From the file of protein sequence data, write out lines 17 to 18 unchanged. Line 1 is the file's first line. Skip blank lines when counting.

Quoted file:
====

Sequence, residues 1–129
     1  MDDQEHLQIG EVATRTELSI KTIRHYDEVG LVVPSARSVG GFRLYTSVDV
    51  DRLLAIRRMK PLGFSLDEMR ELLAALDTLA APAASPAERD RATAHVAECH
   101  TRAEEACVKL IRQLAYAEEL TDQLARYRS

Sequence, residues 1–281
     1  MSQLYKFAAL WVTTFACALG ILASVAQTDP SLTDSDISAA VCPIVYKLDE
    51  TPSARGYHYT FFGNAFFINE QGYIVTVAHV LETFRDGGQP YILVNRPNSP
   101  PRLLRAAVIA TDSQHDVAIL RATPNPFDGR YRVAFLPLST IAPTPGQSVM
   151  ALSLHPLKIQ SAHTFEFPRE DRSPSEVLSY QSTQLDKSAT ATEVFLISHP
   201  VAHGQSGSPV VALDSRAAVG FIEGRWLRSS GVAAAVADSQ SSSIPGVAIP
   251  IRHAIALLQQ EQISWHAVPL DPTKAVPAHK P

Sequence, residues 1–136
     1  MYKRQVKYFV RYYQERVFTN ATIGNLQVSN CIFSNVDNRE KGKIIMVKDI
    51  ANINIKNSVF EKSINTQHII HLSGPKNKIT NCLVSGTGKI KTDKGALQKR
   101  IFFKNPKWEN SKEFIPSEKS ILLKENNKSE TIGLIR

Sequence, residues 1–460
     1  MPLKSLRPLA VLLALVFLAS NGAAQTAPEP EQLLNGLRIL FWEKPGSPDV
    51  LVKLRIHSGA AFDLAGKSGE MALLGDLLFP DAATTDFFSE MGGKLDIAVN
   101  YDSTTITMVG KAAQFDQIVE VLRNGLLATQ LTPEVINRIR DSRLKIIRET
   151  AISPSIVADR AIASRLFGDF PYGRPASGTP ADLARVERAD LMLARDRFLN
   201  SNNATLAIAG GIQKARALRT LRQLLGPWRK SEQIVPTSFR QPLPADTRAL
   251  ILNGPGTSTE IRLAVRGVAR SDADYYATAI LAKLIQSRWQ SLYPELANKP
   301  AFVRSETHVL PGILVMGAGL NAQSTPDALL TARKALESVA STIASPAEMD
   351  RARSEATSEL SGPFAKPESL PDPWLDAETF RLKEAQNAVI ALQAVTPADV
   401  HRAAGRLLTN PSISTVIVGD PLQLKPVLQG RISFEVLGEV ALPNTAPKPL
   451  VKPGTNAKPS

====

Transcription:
     1  MPLKSLRPLA VLLALVFLAS NGAAQTAPEP EQLLNGLRIL FWEKPGSPDV
    51  LVKLRIHSGA AFDLAGKSGE MALLGDLLFP DAATTDFFSE MGGKLDIAVN